Air Date: Week of March 23, 2001
CURWOOD: By the way, we won't be sending any more tree frogs, or, for that matter, anything or anybody up to Mir any more. On Friday, the space station came hurtling to Earth in a carefully-monitored descent. Mir's plummeting trajectory had people from Japan to Australia ready to dodge for cover, should any post-orbital litter from Mir end up in their back yards. But remnants of Mir aren't the only pieces of space junk cluttering the galaxy, and one man has made it his life's work to collect as much of that junk as he can. Jim Bernath is an amateur astronomer in British Columbia, where he's known as the Mr. Space of Canada, and where he owns a traveling museum of space junk. Hello, sir.
BERNATH: Yes, hello. Greetings.
CURWOOD: As I understand it, you have quite a collection of space junk. What is space junk?
BERNATH: Well, for me, it's anything that is a reject and is not used by the space program any more. But also, I have some pieces that came back from the sky. Some of these pieces are very big, of course. Some of these are satellites that are going to just slowly degrade in their orbits and come down. But others are spent pieces, half-sized pieces, and wrenches and the like.
CURWOOD: Now, how much junk is there floating out there in orbit, still?
BERNATH: Oh, boy. When I was first getting the numbers ten, fifteen years ago, it was on the order of 4,000 or 5,000 pieces. And now it's on the order of 7,000 or 9,000. So the number is going up.
CURWOOD: What kind of damage can this space junk cause when it's up there?
BERNATH: Well, the shuttle came home once with a quarter-inch crater, a quarter-inch crater in the windshield. And the pilots heard it when it hit. They heard the smack. Subsequently, as they fished in there and examined what, what, what, it turned out that that was caused by a little chip of paint.
CURWOOD: A fleck of paint?
BERNATH: A little chip of paint is what they traced it to. The little chip of paint. So these things, as they burn up and come home, or as they are hit and suffer abrasion in space, the paint gets chipped off or the metal burns, but the paint flakes stay behind or something like this.
CURWOOD: I imagine somebody must be keeping track of all this space junk up there, so that our spacecraft can navigate. Who's doing that and how do they do it?
BERNATH: Well, NASA certainly does that, and they all cooperate on that. So rather than harvest these things and get them swept up again, so far they're successfully able to deal with the problem by just monitoring where they are and knowing how close we're going to be with whatever flight.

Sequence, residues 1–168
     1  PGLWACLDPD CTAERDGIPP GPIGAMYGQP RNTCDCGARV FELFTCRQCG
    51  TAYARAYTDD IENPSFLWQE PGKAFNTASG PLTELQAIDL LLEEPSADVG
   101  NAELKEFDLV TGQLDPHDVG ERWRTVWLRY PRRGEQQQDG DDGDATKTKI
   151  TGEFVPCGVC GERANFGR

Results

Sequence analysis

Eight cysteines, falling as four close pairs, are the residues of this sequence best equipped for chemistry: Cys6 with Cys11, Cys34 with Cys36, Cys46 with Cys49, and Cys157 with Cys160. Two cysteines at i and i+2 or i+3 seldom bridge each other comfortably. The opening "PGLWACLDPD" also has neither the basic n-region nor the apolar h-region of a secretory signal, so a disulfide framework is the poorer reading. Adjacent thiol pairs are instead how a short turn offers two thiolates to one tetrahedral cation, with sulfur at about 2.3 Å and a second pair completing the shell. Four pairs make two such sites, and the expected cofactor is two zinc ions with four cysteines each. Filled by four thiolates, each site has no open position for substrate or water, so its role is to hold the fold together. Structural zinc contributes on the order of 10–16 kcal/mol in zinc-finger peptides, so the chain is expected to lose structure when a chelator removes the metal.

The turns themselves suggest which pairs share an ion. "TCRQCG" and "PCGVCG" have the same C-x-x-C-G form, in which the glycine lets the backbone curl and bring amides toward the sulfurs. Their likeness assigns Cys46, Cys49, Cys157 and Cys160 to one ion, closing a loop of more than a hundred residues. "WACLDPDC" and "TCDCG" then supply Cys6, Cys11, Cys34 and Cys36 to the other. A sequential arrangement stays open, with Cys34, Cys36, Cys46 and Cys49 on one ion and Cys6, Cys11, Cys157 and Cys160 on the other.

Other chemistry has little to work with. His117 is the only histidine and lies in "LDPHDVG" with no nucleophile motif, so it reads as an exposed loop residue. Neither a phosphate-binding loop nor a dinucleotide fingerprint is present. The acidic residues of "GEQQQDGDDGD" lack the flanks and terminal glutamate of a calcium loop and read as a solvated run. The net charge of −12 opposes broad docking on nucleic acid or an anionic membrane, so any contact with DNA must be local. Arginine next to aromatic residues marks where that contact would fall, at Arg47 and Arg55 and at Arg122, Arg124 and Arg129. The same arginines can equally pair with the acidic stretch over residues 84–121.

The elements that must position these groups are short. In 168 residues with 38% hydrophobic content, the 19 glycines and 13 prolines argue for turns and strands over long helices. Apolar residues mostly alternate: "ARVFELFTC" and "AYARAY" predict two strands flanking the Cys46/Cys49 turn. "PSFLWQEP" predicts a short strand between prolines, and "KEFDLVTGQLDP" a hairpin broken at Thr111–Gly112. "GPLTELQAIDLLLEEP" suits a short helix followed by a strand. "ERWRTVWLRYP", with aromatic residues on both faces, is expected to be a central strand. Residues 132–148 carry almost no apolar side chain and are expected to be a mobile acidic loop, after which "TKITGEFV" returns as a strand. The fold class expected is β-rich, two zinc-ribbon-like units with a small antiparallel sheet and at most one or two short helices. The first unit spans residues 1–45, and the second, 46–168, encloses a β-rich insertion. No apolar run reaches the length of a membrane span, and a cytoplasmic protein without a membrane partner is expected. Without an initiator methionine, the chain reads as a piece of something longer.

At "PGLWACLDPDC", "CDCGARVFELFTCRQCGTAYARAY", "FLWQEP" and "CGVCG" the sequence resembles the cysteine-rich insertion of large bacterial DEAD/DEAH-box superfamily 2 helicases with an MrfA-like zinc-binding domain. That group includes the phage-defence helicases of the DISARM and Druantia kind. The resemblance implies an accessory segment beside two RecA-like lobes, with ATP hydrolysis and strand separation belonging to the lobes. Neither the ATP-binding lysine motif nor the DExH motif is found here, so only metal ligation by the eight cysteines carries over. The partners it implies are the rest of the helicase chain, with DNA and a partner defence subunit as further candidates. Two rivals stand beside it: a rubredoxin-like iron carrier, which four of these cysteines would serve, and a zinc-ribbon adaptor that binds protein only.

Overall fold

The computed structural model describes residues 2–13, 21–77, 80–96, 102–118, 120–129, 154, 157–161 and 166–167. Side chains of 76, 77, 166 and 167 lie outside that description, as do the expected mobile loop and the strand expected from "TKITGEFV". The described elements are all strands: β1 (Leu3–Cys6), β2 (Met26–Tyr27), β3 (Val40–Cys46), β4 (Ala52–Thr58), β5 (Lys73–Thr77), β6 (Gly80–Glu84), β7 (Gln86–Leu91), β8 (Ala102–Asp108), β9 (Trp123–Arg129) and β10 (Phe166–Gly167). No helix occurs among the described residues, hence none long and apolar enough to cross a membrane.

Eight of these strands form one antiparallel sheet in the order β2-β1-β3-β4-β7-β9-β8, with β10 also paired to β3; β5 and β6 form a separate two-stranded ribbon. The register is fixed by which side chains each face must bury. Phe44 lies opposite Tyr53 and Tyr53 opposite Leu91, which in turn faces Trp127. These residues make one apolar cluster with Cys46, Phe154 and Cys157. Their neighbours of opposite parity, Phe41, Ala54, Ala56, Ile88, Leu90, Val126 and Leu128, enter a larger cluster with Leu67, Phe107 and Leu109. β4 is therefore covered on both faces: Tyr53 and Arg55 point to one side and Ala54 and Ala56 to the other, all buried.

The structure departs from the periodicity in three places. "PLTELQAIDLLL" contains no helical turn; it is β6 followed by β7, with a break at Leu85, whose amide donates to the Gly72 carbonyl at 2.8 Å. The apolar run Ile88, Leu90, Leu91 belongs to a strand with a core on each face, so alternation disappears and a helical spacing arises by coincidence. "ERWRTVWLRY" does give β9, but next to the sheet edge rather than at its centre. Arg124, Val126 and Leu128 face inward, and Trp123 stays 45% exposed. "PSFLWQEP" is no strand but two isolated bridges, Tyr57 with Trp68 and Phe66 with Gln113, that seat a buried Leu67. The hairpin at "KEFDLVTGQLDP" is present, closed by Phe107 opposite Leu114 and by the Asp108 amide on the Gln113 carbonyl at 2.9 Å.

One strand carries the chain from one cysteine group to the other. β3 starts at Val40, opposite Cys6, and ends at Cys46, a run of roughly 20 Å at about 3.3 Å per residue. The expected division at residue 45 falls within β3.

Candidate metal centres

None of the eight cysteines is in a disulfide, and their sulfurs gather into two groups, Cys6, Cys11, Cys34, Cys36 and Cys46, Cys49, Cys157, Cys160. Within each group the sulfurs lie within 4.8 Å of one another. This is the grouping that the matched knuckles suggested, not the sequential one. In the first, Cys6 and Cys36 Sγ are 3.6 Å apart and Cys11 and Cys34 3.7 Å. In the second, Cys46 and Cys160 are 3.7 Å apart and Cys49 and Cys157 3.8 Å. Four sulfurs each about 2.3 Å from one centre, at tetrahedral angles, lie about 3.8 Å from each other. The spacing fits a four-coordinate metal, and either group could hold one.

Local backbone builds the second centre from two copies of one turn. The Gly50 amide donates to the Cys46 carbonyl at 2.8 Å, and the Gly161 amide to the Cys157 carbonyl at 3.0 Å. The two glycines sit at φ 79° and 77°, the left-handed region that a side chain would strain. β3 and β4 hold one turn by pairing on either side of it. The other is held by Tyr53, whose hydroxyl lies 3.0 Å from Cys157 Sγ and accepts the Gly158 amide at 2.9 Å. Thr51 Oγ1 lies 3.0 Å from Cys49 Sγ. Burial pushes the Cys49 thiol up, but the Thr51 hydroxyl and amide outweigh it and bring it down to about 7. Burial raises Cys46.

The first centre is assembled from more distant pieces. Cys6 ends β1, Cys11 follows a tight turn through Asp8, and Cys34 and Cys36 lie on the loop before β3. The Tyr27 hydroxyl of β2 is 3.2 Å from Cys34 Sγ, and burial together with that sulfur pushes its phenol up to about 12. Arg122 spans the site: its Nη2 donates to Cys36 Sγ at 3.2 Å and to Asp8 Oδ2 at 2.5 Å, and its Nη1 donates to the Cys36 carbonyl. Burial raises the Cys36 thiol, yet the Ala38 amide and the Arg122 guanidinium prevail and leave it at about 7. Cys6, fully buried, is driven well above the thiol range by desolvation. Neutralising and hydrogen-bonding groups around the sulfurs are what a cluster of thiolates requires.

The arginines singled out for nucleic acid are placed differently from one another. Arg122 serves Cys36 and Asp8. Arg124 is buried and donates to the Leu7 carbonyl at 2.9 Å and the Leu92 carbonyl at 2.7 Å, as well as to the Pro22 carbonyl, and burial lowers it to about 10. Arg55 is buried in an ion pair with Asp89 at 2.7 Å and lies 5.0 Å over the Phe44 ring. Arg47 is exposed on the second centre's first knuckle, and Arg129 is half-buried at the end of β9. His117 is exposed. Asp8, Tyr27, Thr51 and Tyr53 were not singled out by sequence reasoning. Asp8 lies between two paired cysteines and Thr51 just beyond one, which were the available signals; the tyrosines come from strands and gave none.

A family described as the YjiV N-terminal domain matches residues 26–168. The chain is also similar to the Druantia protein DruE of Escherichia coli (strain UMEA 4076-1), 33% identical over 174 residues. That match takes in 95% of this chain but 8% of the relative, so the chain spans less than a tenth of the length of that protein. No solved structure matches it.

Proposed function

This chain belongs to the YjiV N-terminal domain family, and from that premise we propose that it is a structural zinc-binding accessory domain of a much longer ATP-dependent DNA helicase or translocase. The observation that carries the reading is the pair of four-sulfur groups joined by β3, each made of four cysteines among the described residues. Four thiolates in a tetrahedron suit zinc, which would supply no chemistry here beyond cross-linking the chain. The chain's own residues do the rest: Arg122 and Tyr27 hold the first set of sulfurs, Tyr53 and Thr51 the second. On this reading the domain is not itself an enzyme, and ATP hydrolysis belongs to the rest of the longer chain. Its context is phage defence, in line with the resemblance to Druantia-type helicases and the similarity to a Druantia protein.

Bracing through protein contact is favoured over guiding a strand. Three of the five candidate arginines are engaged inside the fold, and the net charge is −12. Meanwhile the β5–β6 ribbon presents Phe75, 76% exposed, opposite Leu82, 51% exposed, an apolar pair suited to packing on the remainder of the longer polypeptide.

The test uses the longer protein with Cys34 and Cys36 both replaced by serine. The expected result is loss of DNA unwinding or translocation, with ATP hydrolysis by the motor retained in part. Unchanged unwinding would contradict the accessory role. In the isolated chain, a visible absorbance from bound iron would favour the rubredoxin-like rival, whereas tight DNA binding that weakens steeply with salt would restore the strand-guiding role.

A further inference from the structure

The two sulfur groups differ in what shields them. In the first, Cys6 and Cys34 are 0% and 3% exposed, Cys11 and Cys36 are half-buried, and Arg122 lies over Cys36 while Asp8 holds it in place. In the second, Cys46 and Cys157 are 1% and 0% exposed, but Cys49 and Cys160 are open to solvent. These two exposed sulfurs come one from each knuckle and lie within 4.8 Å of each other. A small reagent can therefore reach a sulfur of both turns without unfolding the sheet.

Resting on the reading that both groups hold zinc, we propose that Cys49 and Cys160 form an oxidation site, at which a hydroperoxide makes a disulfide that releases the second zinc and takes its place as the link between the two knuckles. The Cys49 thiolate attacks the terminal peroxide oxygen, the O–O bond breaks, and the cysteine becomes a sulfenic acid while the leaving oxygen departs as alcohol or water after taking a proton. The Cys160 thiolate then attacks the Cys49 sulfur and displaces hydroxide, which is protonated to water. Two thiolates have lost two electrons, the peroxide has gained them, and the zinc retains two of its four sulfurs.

CURWOOD: How much junk have you amassed from outer space?
BERNATH: I have 200 pieces.
CURWOOD: Wow, 200 pieces. Tell me what some of these pieces are.
BERNATH: Well, this fuel tank is Exhibit A. It's the size of a basketball and I've got it in front of me here now. And as you look at it, you can see the twisted, melted metal as it splattered across the front of it as it came down. It came down in a farmer's field in northern Saskatchewan.
CURWOOD: Uh huh.
BERNATH: And he found it in plus or minus 1980, a stone's throw away from the log cabin he was born in.
CURWOOD: Oh my.
BERNATH: And if you think of that for a minute, you know, when he was born nobody was even dreaming of space in northern Saskatchewan. And there, in his own lifetime, a piece comes down.
CURWOOD: I'm wondering, how did the farmer feel about the prospect of getting beaned by this thing? I mean, it was just right next to his house.
BERNATH: Being a hollow sphere, the wind would slow it down; coming down through the air would slow it down a great deal because it's not heavy enough to force a path. And so, it would have hit the ground and bounced around a bit, and there it was. So, I don't think that he was really worried about being beaned by it. But if you carry it around long enough (laughs) I have this feeling every now and again that I might get something through the windshield because of its brother or sister in the back seat of my van.
CURWOOD: (Laughs) Now, where do you keep all your space junk when you're not out on exhibition?
BERNATH: Wow, you can't walk into my house. (Laughs) I have more space in my house than anybody else on the continent, and yet you can't walk into it. How's that? Literally, you have to go sideways down the hall, just like the collection of debris in space. And instead of getting smaller, this area, you know, it's gotten worse.
CURWOOD: How do you go about collecting all this space junk?
BERNATH: Well, there are 200 of these artifacts we're talking about, things, space junk. And I travel across the country with this exhibit, which takes me literally from the Pacific to the Atlantic every year. So, it's Japan, China, India, Russia, the Arctic Circle, the Equator, and Houston, and whatever. And gathered everything that I could gather, and came home with whatever pieces I could come home with.
CURWOOD: Mr. Bernath, before you go, tell me, what's your favorite piece of space junk?
BERNATH: Well, this isn't space junk, but one of the spinoffs that I have is a mechanical heart valve. Now, this is right out of the space program. It's the carbon-titanium complex of stuff that they put together to make a heart valve. I've got this in my heart and you can listen to it and hear it running. Some people have their heart in their work. I've got my work in my heart.
CURWOOD: Jim Bernath is an amateur astronomer in British Columbia and a full-time collector of space junk. Mr. Bernath, happy hunting, and thanks so much for being here.
BERNATH: Thank you very much for having me. It's been a great pleasure. Good luck to you.
CURWOOD: And just ahead: Beautiful, green, and nearly extinct. The Puerto Rican parrot makes a bid for survival with some human help. Stay tuned to Living on Earth.
Now this environmental technology update with Cynthia Graber.
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